The Cornell Lab Bird Academy Discussion Groups Joy of Birdwatching Activities: Bird ID Practice

    • Laura
      Participant
      Chirps: 7
      It would be interesting and helpful if classmates posting here also included their location.
    • Kara
      Participant
      Chirps: 20
      Activity #4 My Favourite Bird The Ruby-throated Hummingbird. The Ruby-throated Hummingbird, has a slender, slightly downcurved bill with small wings.  They're bright emerald green on their back and crown with a white belly.  The males have the ruby throat. They live in open woodland, forest edges, grasslands, parks and, hopefully, my backyard this summer. I have only seen females in my garden,  but I'm optimistic that I will see the male this year.  Southern Ontario has had an unseasonably cool and windy April, but warmer temperatures are coming our way and I have my feeders out in anticipation.
    • Kara
      Participant
      Chirps: 20
      Activity 2- Three birds with the same colour, birds that are orange and black Bullock's Oriole- Bright orange, black back, large white wing patch. Orange face with a black line through the eye and a black throat Blackburnian Warbler- vivid orange on face and throat, triangular facial pattern of black Black-headed Grosbeak- rich orange cinnamon colour, with a black head and black and white wings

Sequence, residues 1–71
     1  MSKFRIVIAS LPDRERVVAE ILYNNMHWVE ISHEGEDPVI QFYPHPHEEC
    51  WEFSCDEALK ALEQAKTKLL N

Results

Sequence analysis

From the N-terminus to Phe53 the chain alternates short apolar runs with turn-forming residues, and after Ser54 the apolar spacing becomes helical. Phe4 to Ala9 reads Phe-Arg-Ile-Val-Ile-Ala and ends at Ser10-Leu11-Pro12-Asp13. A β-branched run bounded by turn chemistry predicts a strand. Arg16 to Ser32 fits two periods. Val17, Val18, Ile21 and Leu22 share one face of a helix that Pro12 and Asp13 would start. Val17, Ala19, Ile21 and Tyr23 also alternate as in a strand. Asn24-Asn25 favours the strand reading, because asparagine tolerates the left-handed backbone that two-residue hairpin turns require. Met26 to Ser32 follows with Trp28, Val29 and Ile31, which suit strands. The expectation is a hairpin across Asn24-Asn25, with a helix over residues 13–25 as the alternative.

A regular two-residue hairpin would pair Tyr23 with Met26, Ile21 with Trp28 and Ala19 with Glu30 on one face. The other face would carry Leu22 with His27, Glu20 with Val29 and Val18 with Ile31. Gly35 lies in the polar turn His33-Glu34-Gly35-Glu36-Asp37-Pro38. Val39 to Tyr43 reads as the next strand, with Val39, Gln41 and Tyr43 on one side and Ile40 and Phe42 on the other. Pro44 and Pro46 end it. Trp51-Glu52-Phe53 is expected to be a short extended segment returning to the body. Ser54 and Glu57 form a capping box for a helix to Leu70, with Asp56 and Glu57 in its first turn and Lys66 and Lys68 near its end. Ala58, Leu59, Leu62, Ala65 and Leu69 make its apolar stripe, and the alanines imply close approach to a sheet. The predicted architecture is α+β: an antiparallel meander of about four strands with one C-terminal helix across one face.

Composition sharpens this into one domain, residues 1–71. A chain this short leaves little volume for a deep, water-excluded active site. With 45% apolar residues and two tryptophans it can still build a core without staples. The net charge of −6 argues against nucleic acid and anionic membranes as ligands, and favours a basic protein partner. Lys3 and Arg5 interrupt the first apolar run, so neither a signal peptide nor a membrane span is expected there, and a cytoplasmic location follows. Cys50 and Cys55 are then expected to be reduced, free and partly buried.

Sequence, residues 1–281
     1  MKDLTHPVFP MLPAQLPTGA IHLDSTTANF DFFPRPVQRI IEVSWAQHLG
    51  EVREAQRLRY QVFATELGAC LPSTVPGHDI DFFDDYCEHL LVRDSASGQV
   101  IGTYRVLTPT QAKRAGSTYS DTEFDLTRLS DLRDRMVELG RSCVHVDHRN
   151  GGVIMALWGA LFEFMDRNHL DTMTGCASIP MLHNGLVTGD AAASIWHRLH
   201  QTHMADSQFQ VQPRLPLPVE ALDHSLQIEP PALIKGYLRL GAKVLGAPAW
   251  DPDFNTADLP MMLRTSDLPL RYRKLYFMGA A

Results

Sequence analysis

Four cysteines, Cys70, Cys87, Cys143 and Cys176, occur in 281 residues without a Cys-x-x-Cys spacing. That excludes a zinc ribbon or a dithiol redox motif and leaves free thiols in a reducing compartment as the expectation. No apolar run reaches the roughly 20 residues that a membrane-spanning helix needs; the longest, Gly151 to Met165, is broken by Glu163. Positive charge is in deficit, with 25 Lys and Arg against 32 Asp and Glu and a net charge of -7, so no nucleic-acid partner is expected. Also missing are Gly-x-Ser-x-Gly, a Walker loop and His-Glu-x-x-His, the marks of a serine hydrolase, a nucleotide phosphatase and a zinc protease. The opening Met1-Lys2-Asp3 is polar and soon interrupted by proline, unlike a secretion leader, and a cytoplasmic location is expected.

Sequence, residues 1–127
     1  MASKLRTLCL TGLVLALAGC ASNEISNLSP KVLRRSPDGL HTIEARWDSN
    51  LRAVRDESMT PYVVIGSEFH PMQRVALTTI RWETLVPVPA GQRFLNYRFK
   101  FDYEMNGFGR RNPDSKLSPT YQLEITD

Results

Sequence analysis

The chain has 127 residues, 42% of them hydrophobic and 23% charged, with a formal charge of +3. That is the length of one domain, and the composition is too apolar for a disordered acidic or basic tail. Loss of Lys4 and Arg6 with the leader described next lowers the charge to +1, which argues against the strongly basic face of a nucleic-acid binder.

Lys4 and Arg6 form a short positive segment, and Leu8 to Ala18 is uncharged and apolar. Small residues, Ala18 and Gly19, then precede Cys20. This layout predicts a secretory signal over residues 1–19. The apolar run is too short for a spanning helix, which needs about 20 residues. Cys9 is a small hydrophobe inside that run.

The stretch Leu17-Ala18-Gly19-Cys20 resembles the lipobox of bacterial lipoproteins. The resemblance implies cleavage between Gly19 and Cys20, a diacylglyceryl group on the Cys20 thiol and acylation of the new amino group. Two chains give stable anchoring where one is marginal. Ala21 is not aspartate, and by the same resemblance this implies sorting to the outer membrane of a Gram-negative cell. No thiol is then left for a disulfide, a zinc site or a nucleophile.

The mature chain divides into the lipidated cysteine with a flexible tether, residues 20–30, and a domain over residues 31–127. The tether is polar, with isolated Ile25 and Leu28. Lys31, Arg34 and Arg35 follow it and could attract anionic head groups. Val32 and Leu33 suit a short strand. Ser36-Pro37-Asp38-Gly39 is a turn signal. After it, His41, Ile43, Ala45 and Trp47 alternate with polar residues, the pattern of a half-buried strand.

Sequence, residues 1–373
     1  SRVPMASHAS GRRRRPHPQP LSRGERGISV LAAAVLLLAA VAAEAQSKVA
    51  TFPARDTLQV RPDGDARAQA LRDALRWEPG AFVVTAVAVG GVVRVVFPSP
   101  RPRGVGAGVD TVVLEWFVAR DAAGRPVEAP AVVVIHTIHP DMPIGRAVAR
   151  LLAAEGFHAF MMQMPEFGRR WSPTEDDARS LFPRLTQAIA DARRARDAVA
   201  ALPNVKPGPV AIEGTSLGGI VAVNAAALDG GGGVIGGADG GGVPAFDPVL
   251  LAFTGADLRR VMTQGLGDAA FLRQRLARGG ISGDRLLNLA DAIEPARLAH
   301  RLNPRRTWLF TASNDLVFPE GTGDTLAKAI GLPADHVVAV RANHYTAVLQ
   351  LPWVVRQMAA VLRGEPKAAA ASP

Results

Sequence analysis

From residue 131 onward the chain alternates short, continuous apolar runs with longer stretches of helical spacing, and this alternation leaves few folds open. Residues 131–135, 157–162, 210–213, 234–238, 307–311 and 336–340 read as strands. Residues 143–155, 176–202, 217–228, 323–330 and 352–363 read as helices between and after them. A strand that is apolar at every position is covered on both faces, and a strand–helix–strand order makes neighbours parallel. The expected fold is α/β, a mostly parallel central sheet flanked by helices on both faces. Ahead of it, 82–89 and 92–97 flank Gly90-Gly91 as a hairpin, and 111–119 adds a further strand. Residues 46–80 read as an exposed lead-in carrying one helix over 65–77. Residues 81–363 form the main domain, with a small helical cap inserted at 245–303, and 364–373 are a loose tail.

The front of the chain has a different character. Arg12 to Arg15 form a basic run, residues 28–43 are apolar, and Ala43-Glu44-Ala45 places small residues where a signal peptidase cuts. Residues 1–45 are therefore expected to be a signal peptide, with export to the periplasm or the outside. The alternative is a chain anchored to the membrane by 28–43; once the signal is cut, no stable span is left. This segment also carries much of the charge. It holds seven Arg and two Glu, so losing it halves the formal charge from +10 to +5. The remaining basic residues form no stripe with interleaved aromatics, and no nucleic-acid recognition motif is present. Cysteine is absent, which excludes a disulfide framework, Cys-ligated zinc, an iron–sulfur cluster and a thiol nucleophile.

• Kathleen
      Participant
      Chirps: 4
      Activity 4: One of my favorite birds is the Baltimore Oriole who is visiting my oriole feeder now.  He is a medium sized bird with a black head, orange chest, and bright white wing bars. I put out my “jelly” feeder to attract them.  Last year I saw both males and females aplenty.  My primary home is in Michigan, but since I winter in south Texas, I see the orioles first there—and not just Baltimores. We see Altamira, Bullocks, Hooded, and Orchard varieties.  They love fruit.
    • Kara
      Participant
      Chirps: 20
      Activity 1- Bird ID by Shape American Robin- large, round body, long legs and a fairly long tail IMG_5569 Goldfinch- sparrow sized or smaller, small head, long wings, short notched tail, small conical beak IMG_0028
    • candy
      Participant
      Chirps: 3
      Activity 3. 3 birds searching for food.  Here in TX today, IIMG_3759 saw a Black Crested Titmouse at the feeder taking one seed at a time and flying back to the tree to eat it (I guess) and going back and forth many times.  A cardinal ate at the feeder and also foraged on the ground below the feeder for seeds.  In Iowa, I watched Bald Eagles  fishing in the Mississippi, diving low towards the water with their talons out and catching the fish in flight flying away with the fish in its talons.  Activity 4.  Favorite bird-Northern Cardinal.  Id'ed by its size and shape (larger than a robin with a distinctive crest), color pattern and markings ( the black around its eyes contrasting wit the red is so pretty), sounds (today, the female was chirping just like the Merlin app example; They also often sing more elaborate songs.)  I love the Merlin app having so many examples of each bird's songs.  It really helps me learn them!
    • candy
      Participant
      Chirps: 3